Beatrice James looked her son's killer in the eye Tuesday and told him how badly he hurt her family. Then, as 20-year-old Jerome Matthews faced a 30-year prison sentence, she wished him luck.
"God knows I pray about this, and whatever you don't get in jail, God will take care of it," Mrs. James, standing only feet away from Matthews, said to him.
Matthews, who was 17 at the time of the murder, was charged with shooting into a car where 16-year-old Frankie Oneal James was sitting with a friend.
Matthews, of 2529 36th St. S in St. Petersburg, was charged with first-degree murder and attempted murder and could have faced a sentence of life in prison without the possibility of parole for 25 years.
On Tuesday, the day his trial was to begin, he pleaded guilty to second-degree murder and attempted murder, and Pinellas-Pasco Circuit Judge Susan F. Schaeffer sentenced him to 30 years in prison, concurrent with a 15-year sentence for attempted murder. The sentence also includes a three-year mandatory sentence because Matthews used a gun.
Police called it a random shooting in which Matthews shot and injured 17-year-old Michael Eric Butler of Clearwater and killed James of Largo as they sat in a car at a stop sign at 29th Street and 22nd Avenue S in St. Petersburg.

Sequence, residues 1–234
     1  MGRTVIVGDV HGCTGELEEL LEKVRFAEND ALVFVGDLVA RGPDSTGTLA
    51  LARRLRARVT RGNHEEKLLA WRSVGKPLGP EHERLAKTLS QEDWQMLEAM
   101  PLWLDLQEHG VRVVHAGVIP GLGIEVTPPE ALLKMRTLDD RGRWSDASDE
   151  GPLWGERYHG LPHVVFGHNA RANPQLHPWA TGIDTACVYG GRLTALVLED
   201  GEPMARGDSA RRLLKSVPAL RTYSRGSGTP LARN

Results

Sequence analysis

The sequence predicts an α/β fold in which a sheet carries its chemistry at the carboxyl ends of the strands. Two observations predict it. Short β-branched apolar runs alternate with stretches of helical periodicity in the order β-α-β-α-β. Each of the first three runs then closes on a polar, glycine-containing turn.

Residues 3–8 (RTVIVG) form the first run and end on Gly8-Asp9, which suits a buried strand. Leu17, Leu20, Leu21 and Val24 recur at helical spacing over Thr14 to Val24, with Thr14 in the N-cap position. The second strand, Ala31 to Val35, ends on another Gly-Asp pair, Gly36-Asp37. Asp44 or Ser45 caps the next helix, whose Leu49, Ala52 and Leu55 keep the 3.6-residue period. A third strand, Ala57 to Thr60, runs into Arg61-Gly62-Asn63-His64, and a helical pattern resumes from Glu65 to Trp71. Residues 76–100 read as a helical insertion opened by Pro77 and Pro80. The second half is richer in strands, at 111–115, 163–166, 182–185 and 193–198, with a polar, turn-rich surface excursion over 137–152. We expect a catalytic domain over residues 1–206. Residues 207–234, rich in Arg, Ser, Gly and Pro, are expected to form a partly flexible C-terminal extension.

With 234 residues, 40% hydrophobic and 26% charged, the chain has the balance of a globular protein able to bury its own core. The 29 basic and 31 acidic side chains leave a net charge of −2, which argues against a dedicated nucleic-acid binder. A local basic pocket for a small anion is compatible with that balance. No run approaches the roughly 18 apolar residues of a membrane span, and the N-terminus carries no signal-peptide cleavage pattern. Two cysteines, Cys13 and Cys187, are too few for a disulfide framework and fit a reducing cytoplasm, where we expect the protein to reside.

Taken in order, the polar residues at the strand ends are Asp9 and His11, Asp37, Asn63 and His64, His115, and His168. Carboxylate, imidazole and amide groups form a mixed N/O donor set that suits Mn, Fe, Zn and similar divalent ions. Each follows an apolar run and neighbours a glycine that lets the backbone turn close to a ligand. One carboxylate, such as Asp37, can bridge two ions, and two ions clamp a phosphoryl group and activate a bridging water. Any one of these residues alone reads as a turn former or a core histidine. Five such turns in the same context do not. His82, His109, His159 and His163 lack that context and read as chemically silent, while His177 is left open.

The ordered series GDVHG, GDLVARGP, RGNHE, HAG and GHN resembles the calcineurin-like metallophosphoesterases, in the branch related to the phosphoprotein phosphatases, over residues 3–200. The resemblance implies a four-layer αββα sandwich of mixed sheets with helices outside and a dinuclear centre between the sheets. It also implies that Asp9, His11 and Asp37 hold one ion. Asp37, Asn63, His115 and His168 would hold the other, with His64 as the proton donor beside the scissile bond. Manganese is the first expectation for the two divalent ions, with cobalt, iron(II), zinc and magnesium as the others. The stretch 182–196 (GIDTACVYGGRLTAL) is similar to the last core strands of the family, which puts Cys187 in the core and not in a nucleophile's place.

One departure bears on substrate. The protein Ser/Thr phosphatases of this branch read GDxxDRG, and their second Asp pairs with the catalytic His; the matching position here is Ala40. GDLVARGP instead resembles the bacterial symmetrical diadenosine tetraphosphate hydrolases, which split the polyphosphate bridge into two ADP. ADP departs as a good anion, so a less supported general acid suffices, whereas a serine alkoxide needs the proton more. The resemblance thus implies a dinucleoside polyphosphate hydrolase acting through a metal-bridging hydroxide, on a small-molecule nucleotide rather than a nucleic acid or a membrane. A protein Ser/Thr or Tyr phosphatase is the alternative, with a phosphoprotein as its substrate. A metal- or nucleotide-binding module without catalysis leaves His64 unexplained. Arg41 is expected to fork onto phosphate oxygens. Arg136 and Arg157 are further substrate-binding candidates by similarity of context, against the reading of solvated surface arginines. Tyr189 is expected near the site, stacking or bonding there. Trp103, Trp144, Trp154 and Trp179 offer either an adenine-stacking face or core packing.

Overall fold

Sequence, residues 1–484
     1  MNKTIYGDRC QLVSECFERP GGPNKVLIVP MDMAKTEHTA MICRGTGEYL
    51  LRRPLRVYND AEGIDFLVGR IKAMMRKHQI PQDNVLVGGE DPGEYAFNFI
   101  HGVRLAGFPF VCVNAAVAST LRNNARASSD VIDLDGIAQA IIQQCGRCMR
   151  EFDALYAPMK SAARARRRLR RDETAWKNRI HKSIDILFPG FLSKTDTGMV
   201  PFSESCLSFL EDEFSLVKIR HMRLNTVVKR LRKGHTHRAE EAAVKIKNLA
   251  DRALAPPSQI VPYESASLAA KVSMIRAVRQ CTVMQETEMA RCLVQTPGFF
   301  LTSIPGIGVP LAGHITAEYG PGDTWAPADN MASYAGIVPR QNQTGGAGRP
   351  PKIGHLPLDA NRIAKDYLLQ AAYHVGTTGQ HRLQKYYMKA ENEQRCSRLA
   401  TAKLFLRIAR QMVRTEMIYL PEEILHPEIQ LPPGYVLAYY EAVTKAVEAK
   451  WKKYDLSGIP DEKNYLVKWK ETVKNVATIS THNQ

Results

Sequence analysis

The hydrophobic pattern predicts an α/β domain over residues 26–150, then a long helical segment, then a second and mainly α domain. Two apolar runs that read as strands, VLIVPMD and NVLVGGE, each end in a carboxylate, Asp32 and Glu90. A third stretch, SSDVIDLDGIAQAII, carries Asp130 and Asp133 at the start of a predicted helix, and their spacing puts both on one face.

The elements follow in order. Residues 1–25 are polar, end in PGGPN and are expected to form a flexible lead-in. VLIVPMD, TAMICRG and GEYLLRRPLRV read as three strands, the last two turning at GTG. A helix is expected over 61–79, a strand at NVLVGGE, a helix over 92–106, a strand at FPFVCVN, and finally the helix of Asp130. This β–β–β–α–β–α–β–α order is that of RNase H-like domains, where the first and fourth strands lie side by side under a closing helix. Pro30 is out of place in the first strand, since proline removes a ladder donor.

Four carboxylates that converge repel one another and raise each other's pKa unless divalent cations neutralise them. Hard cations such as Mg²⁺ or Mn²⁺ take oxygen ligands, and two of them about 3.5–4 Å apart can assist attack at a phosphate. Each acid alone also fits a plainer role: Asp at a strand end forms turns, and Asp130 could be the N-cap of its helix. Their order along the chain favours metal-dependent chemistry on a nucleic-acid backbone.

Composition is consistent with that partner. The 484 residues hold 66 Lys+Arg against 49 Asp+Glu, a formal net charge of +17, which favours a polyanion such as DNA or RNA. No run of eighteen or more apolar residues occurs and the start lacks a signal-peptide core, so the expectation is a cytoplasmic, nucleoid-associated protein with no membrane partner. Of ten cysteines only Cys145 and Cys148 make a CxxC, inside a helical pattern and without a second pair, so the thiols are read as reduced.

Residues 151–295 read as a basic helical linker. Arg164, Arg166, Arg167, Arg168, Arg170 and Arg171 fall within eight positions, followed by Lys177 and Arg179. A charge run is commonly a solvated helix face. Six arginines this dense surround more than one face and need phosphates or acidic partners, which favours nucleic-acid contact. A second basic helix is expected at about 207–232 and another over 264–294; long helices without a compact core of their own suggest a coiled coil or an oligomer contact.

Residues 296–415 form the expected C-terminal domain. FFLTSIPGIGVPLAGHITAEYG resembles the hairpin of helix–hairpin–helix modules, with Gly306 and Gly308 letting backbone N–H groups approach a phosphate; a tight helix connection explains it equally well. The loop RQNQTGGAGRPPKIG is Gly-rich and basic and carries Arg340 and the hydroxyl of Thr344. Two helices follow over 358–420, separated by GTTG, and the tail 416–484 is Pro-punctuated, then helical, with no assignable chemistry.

Matthews pulled up behind them as they were stopped and got out on the passenger side, went up to the car and fired, striking James in the upper torso and Butler in the knee. Butler managed to drive to Bayfront Medical Center, where James was pronounced dead on arrival.
A motive was never establish and it was described as a random shooting, though Matthews' attorney speculated that drugs may have been involved.
However, at the time of the shooting, Mrs. James said her son was never involved in drugs.
"Frankie was a very popular child, and he was mischievous, but he had never been in trouble with police," she said at the time. "I'm positive he had never used drugs. He had the exposure and the street knowledge, but he did not use drugs."
Defense attorney Tom McCoun said it was a tragic case involving teens and guns.
"It's a case where one 17-year-old kid had access to guns and kills another," he said. "It speaks loudly to gun control. Take these guns away from kids and let them hit each other instead."
Mrs. James told Matthews that she overheard his family talking about the pain they were going through because of this case, but they cannot understand the pain of losing her son.
"You can't believe how hurt I feel," she said. "Frankie had a 19-year-old handicapped brother who talks about him every day. And it's been three years. I will live with this the rest of my life."